In order to run any successful you must have a business plan, concept of the food, type of clientele, competition, location and a series of other factors. When you have designed your first menu, and obviously not in a foolish way by calculating your menu prices on a thumb sucked constant percentage. In my lobster example you would have to sell the dish for $40 as opposed to the $29 in order to achieve what you have decided to be a global COS target of say 30% COS. Meanwhile, Jo Blogs down the road sells lobster for $25.

Your pricing plan must take into account the competition. You can veer off competitive pricing to a minimal extent like why I charge $29 while Jo charges $25. I have been to Jo’s and I know I can do better!

Be realistic, not over confident at the outset. Don’t think of Jo as a busker and yourself as Mozart. meaning don’t count your chickens before they hatch. The proof of the pudding is in the eating.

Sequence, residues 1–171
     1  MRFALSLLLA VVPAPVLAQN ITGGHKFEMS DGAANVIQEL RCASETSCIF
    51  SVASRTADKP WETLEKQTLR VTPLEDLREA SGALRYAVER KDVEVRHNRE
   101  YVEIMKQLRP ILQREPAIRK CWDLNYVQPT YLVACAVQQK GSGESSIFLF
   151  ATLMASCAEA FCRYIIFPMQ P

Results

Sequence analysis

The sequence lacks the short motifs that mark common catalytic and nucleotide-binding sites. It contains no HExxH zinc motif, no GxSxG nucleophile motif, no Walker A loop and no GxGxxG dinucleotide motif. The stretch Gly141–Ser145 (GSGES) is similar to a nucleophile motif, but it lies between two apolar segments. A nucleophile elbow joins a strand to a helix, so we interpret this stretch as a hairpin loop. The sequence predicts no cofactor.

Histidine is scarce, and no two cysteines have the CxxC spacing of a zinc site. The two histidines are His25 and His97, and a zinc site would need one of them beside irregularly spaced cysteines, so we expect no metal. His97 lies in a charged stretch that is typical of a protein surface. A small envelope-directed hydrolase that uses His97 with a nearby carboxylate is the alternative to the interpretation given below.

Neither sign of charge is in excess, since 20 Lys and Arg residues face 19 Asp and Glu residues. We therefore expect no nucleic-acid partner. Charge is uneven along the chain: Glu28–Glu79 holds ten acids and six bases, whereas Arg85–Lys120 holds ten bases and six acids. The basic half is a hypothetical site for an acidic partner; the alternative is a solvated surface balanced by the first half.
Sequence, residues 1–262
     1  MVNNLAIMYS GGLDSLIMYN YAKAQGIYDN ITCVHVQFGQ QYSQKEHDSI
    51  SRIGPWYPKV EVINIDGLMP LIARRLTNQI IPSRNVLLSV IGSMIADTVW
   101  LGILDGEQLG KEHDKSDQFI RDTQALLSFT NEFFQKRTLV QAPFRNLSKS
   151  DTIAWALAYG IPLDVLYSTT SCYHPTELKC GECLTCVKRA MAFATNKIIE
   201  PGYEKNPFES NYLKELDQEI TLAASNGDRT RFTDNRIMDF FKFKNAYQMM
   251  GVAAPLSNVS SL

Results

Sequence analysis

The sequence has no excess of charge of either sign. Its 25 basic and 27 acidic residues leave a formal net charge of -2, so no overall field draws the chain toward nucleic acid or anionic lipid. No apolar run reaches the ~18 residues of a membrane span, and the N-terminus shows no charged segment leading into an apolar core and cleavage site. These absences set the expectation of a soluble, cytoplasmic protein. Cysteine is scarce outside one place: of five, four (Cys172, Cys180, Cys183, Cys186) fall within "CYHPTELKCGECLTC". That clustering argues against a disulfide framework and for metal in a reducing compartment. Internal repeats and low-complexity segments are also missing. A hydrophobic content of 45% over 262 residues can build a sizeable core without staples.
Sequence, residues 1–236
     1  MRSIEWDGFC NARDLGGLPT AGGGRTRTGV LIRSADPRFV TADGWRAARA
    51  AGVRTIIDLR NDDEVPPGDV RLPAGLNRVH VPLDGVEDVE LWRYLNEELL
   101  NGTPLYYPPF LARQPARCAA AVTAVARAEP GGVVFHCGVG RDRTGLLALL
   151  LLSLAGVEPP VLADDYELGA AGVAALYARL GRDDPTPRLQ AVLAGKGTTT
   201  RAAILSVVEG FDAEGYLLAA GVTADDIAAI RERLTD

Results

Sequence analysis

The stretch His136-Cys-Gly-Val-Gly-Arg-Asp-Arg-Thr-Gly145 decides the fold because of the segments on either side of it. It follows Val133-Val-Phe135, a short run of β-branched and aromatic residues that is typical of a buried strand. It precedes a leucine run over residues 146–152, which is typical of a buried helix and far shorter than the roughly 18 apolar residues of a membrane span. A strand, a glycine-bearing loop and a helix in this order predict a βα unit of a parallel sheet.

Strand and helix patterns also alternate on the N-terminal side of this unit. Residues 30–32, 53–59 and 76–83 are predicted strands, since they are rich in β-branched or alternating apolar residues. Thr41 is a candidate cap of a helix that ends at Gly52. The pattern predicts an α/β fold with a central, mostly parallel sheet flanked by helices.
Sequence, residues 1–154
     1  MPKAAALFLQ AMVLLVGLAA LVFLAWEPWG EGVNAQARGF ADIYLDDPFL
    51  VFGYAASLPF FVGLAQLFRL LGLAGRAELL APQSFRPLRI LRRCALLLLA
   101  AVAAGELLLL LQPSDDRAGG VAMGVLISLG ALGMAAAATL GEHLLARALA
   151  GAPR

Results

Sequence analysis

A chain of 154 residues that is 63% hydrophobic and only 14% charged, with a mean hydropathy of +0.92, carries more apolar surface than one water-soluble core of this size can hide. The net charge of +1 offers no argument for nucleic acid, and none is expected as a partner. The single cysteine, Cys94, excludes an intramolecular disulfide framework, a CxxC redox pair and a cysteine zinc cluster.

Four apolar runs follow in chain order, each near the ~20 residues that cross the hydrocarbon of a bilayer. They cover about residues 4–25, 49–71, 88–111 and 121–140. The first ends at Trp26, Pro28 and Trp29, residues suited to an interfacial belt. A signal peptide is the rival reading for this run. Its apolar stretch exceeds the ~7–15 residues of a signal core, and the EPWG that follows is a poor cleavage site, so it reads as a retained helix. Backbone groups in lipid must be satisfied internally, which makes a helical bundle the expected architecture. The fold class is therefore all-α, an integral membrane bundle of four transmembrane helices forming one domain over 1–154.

So now you have your menu. Until you start getting traffic through the door you have no idea of which items will be popular and which not. Only after you have traded for some time will you have developed history based on Sales Mix. If you are wise you will weed out the non sellers.
Never start off with expensive printed menu formats that cannot be changed at a moments notice

There is a technique known as Cost Margin Analysis for aiding in determining effectiveness of your sales mix.
I will get back to this later.

Point sale cash register:

A so called “cash register” is for a mamma and papa store where she does the cooking and he looks after the customers.